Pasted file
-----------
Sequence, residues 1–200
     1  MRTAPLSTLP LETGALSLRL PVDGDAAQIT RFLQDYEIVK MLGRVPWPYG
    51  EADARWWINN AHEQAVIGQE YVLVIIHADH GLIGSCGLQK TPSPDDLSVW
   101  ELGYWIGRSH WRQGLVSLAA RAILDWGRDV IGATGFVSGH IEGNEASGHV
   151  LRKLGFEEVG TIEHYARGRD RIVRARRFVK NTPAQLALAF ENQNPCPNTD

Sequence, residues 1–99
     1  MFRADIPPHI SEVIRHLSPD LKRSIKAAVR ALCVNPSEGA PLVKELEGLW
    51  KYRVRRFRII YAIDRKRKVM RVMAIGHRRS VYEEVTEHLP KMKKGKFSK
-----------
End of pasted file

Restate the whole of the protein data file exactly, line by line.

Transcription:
Sequence, residues 1–200
     1  MRTAPLSTLP LETGALSLRL PVDGDAAQIT RFLQDYEIVK MLGRVPWPYG
    51  EADARWWINN AHEQAVIGQE YVLVIIHADH GLIGSCGLQK TPSPDDLSVW
   101  ELGYWIGRSH WRQGLVSLAA RAILDWGRDV IGATGFVSGH IEGNEASGHV
   151  LRKLGFEEVG TIEHYARGRD RIVRARRFVK NTPAQLALAF ENQNPCPNTD

Sequence, residues 1–99
     1  MFRADIPPHI SEVIRHLSPD LKRSIKAAVR ALCVNPSEGA PLVKELEGLW
    51  KYRVRRFRII YAIDRKRKVM RVMAIGHRRS VYEEVTEHLP KMKKGKFSK